As reigning champs - and unbackable favourites - Tipperary launches its bid for a third provincial title in a row with a trip to the Gaelic Grounds on Sunday. It’s a repeat of last year’s Munster opener but we’ll hope for a smoother passage this time against the Treaty men.
Meanwhile the U21s have signposted the way for the seniors with their win over Limerick last Friday evening. Apart from a rocky third quarter it was otherwise smooth.
Elsewhere the draw for the preliminary round of the club championship has tossed up some interesting pairings, Sarsfields against Nenagh the most eye-catching of the lot.
Here comes the summer and here goes the championship. Clare and Waterford launched the series last Sunday with a low-key affair at the Stadium.
Davy’s ‘banner’ took some time to unfurl but once it did the Deise resistance was untypically limp. One is tempted to see the outcome as a changing of the guard: Waterford’s decline alongside Clare’s emerging young guns.
Hopefully there’ll be no such turnover next Sunday. All known indicators have resulted in Tipperary going in as the hottest of favourites.
We’re listed at odds of 2/7 while you’ll get 3/1 on Limerick causing an upset.
The pundits, therefore, see only one outcome though some of us have been around long enough to know that Limerick on their day can be awkward customers, so wariness has to be the byword.
It will be intriguing to see the line-out that Eamon O’Shea and colleagues send into action. Trying to anticipate the team sheet throughout the league proved a treacherous business as the management opted for ongoing variation. The word ‘predictable’ was redundant throughout the spring.
It’s a policy that certainly stirs debate. On the one hand it keeps things fresh and fluid with no shortage of variety and no room for complacency. Against that you sacrifice stability with players at times unsure of their whereabouts in the overall scheme.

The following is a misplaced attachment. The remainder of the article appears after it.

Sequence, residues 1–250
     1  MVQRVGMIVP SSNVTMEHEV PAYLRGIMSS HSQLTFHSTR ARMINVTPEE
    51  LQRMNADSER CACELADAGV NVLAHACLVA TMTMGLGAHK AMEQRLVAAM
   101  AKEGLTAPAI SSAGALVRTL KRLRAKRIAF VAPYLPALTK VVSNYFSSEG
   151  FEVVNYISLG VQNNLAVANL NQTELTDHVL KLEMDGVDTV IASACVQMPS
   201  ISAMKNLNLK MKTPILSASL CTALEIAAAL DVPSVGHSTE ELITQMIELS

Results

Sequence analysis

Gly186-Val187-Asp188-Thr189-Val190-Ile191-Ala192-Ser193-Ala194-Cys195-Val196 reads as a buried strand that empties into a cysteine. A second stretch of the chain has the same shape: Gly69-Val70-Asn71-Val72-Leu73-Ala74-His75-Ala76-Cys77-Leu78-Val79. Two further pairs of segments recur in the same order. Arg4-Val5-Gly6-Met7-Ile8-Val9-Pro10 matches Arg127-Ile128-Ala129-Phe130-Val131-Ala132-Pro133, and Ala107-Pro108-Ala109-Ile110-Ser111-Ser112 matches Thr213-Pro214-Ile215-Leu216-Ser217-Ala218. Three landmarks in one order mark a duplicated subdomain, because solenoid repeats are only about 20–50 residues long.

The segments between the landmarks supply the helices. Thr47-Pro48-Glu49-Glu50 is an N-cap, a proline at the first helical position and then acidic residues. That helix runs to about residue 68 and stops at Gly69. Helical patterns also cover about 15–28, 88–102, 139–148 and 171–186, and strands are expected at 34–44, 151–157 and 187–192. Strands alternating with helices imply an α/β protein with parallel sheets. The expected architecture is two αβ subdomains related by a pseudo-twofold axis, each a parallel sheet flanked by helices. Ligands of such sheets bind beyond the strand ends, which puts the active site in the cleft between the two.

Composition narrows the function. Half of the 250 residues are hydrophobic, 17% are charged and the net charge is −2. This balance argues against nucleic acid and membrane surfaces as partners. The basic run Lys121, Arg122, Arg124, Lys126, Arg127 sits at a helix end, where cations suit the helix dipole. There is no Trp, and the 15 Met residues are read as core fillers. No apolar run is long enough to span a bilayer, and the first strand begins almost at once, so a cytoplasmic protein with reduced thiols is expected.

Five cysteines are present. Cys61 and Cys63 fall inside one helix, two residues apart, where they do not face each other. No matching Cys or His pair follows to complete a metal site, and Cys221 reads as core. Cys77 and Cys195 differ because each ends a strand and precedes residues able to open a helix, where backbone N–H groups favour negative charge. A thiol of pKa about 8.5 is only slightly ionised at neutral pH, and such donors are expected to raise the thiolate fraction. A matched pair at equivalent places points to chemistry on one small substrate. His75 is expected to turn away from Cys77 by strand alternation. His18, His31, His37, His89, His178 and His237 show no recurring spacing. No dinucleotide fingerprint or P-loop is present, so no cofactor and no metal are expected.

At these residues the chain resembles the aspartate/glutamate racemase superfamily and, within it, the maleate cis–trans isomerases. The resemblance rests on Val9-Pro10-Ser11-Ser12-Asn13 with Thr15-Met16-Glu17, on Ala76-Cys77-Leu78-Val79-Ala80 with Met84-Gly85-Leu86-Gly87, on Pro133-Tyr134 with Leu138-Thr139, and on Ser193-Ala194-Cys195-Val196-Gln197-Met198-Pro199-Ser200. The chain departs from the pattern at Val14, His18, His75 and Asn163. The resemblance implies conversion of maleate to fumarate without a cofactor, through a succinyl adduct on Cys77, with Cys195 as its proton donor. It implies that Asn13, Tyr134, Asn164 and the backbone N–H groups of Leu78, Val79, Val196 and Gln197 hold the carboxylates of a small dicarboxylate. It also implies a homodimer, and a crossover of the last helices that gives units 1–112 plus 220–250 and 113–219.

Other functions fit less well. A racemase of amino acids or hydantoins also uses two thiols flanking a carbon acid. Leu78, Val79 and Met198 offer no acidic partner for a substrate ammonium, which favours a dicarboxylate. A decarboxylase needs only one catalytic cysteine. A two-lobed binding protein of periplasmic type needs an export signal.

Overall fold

Some element of experimentation is always necessary but ultimately the goal has to be a settled formation.
We’ve had rotating goalies throughout the league but surely that won’t continue for the championship. Brendan Cummins reportedly made two exceptional saves against Galway at Cloughjordan last week, which was indeed a timely statement by the long-time tenant.
He’ll surely man the last line of defence on Sunday to start yet another championship season in an exceptional career.
Paddy Stapleton played for Borrisoleigh last week so we’d expect him to take his place on Sunday beside Paul Curran and Michael Cahill on the full back line.
Kieran Bergin versus Conor O’Brien is the big issue arising at half back. Conor had probably his best ever league campaign this year while Kieran was the ‘springer’ who took us all by surprise in the league final.
The vibe appears to suggest that Killenaule will overshadow Annacarty in this one, which, if it happens, will be really tough on Conor O’Brien given his recent form. There’s also the issue of whether Conor O’Mahony or Paudie Maher will start at number six; in one sense it’s not a huge issue because they can juggle positions throughout the game if the need arises.
Paudie is seen as a floating, covering player who hits a huge amount of ball over the game, though perhaps not the tightest of markers; Conor is more the positional player who can do a tight man-to-man job if needed.
The midfield partnership is again likely to involve Brendan Maher and Shane McGrath. Maher is a certainty but opinions would vary more on McGrath. Still as captain he’ll surely start the championship.
Lar Corbett’s fight for fitness is a major focus in attack. He’s reportedly close to full health though I suspect he’ll not be risked for the start of the action and will be kept in reserve should the need arise during the game.
There are roughly ten forwards battling for the six positions and it’s probably an issue of getting the right balance between experience and youth.
Players like Seamus Callanan, Noel McGrath, Patrick ‘Bonner’ Maher and John O’Brien are all likely starters and then there’s the issue of whether to play Eoin Kelly or the likes of Shane Bourke, Jason Forde, John O’Dwyer or Brian O’Meara. Pa Bourke appears to have slipped down the ranking at this stage.
All of that is speculation by one operating outside the loop so we’ll just have to wait and see if Eamonn O’Shea and company spring more surprises when the line out is announced later in the week.
Limerick’s only Munster championship win in the past decade was the ’07 victory over Tipperary in a second replay; you have to trawl back to 1996 to view their last Munster title win.
This year they suffered the disappointment of losing to Dublin in the division 1B decider so once more they failed to win promotion to the top flight. That background obviously influences the long odds being offered on a Limerick win next Sunday
However, it’s no harm to remind ourselves of last year’s game at Semple Stadium and the difficulties we experienced before eventually pulling through.
Having trailed by a point at the interval we were really rattled in the third quarter as Limerick went seven-up.